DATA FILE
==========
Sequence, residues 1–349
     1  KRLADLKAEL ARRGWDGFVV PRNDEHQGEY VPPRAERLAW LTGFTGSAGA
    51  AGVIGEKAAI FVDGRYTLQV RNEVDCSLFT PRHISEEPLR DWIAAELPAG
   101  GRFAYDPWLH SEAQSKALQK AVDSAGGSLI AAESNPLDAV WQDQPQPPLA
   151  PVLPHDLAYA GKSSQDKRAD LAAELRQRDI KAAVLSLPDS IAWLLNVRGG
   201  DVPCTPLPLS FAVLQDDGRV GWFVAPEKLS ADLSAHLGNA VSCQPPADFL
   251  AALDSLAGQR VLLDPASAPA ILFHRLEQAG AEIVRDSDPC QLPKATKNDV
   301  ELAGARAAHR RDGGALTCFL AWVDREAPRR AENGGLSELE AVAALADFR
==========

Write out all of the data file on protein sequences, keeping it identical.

Sequence, residues 1–349
     1  KRLADLKAEL ARRGWDGFVV PRNDEHQGEY VPPRAERLAW LTGFTGSAGA
    51  AGVIGEKAAI FVDGRYTLQV RNEVDCSLFT PRHISEEPLR DWIAAELPAG
   101  GRFAYDPWLH SEAQSKALQK AVDSAGGSLI AAESNPLDAV WQDQPQPPLA
   151  PVLPHDLAYA GKSSQDKRAD LAAELRQRDI KAAVLSLPDS IAWLLNVRGG
   201  DVPCTPLPLS FAVLQDDGRV GWFVAPEKLS ADLSAHLGNA VSCQPPADFL
   251  AALDSLAGQR VLLDPASAPA ILFHRLEQAG AEIVRDSDPC QLPKATKNDV
   301  ELAGARAAHR RDGGALTCFL AWVDREAPRR AENGGLSELE AVAALADFR